Bartolome De Las Casas, one of Columbus' men, was an eye witness to the atrocities. For example in one single day, he says the Spanish soldiers dismembered, beheaded, or raped 3000 native people. Other stories included cutting off the legs of children; men would test if they could cut a person in half; poured people full of boiling soap; and the list goes on.

In relation to the Syrian crisis, I remember watching a recent video of a Hungarian camerawoman continually tripping Syrian refugees as they ran with their children. And I think "there is still white vs brown mentality" all over the world, and it stems from this glorification of the "white hero".
And I want to share a quote that it puts it better than I do, from Bill Bigelow of the Huffington Post, "If Black people's lives mattered in our society, it would be inconceivable that we would honor the father of the slave trade with a national holiday. The fact that we have this holiday legitimates a curriculum that is contemptuous of the lives of peoples of color".

Masked by positive Columbus myths and celebrations, the United States government and citizens avoid taking responsibility for their own mindfulness (or actions). One action they could possibly take now is STOP CELEBRATING COLUMBUS DAY, and encourage all schools to stop the justification of celebrating this day because of tradition.


Original post @ Do not celebrate "Columbus Day"



-Cassie Kinney, veganslivingofftheland.blogspot.com
 

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sillybunnns said:
Christopher Columbus' sole intentions were to enslave people to find gold for him, which led to the genocide of the Hispaniola natives.
But! But! But! Okay.

I don't celebrate any holidays anyway. They're all insane.

I mean, look at Talk Like A Pirate Day. Did you know pirates were actually thieves? Who knew, right?
 

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Thank you for sharing this information.
 

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People have done horrible things to other people since the discovery of 'other people'. Spaniards and other Europeans did not then nor do now have a monopoly on brutal behavior. Aztecs performed human sacrifice. Cannibalism has been practiced by native peoples across the Pacific and South America. There are grave yards of slaughtered innocents on every continent. It's very well documented.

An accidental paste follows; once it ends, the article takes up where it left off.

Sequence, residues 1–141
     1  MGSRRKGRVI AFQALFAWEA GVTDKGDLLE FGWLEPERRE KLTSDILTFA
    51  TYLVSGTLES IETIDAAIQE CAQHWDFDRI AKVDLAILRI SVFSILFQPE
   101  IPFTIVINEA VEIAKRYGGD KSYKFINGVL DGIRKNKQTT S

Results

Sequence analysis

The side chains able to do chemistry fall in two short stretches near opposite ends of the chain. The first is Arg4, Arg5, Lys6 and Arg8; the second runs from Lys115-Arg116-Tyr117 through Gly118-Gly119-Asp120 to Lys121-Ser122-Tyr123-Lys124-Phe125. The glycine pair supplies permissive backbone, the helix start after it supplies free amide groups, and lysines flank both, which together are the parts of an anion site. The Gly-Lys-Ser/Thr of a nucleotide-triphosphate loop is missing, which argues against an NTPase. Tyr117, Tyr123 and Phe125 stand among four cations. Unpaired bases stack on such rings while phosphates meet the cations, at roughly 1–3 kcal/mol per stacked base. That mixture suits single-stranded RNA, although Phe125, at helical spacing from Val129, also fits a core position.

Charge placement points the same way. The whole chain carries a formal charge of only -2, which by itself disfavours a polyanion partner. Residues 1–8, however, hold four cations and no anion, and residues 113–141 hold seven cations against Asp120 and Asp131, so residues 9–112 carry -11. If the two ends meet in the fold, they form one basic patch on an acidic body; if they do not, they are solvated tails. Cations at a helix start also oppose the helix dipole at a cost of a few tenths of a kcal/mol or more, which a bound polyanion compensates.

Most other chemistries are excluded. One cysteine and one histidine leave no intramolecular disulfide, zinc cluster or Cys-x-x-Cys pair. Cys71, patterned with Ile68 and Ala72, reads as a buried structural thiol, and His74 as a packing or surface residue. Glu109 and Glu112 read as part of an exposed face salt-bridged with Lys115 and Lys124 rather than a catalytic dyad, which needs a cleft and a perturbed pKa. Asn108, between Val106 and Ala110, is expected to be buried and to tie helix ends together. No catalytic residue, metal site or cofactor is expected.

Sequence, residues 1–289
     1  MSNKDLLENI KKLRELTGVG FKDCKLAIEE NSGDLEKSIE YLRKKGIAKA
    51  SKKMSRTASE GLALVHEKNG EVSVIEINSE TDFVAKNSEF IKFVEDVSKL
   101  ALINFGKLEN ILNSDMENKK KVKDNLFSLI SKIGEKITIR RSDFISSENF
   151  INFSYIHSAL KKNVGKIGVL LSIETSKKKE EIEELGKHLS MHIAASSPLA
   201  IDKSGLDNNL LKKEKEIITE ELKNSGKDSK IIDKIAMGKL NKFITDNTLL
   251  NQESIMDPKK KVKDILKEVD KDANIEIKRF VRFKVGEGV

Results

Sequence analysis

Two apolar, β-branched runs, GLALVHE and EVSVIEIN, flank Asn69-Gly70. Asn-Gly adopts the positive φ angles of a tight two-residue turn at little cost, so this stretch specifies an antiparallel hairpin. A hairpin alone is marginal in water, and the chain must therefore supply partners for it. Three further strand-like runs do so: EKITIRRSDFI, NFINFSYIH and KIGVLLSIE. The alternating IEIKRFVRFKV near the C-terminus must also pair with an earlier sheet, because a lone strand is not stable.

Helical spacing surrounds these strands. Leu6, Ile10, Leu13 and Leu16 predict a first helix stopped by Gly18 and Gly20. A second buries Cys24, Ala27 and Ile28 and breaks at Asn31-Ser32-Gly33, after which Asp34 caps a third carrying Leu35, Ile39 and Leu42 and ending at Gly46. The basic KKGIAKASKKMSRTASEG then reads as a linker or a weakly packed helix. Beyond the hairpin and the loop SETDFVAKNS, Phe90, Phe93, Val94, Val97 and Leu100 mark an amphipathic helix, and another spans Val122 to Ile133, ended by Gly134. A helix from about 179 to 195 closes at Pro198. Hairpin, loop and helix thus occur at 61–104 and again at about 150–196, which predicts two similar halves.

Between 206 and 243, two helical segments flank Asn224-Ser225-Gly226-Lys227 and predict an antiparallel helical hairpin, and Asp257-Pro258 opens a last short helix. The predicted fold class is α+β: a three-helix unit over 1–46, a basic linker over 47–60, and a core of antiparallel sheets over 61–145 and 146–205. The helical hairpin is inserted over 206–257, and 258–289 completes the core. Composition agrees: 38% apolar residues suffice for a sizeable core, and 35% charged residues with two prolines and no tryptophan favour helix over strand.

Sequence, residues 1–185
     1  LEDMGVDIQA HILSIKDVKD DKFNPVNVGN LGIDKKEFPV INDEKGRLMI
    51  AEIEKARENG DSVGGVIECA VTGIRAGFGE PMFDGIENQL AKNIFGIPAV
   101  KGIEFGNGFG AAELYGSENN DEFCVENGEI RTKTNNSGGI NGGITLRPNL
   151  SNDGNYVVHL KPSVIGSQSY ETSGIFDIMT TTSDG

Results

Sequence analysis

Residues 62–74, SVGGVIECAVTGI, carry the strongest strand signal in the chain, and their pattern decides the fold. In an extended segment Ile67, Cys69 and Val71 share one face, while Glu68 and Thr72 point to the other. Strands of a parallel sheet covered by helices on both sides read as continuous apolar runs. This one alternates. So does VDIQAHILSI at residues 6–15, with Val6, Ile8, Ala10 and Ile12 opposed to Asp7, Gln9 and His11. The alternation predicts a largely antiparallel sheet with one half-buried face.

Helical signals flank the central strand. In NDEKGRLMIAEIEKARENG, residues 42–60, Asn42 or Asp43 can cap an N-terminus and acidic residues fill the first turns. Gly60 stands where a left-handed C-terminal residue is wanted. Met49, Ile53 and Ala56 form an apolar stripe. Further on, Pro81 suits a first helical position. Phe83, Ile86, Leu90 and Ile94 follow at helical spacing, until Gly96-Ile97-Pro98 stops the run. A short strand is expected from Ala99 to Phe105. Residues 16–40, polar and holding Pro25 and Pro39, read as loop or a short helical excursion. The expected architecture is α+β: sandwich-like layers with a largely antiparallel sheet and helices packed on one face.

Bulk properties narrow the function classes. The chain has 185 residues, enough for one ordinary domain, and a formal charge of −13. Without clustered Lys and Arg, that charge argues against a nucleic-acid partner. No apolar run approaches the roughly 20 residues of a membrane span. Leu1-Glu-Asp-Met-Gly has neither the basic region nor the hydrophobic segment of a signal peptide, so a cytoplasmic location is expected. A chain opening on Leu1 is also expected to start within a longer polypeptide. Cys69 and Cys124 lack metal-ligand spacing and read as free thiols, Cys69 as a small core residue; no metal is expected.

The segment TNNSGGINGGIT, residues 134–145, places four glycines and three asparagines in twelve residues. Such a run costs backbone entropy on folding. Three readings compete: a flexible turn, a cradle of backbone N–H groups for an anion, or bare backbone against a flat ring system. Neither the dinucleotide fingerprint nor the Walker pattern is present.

My point is, no people are innocent if you look far enough back in time.

Celebrate what you want. Personally I see value in What we call Western Civilization. Medicine, modernity, technology, individual independence, Liberalism -to name a few. For the good and the bad, Columbus is part of that story.

Anyway, judging the morality of a man who lived some 600 years ago by our modern standards seems a little ridiculous.
 
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People have done horrible things to other people since the discovery of 'other people'. Spaniards and other Europeans did not then nor do now have a monopoly on brutal behavior. Aztecs performed human sacrifice. Cannibalism has been practiced by native peoples across the Pacific and South America. There are grave yards of slaughtered innocents on every continent. It's very well documented.

My point is, no people are innocent if you look far enough back in time.

Celebrate what you want. Personally I see value in What we call Western Civilization. Medicine, modernity, technology, individual independence, Liberalism -to name a few. For the good and the bad, Columbus is part of that story.

Anyway, judging the morality of a man who lived some 600 years ago by our modern standards seems a little ridiculous.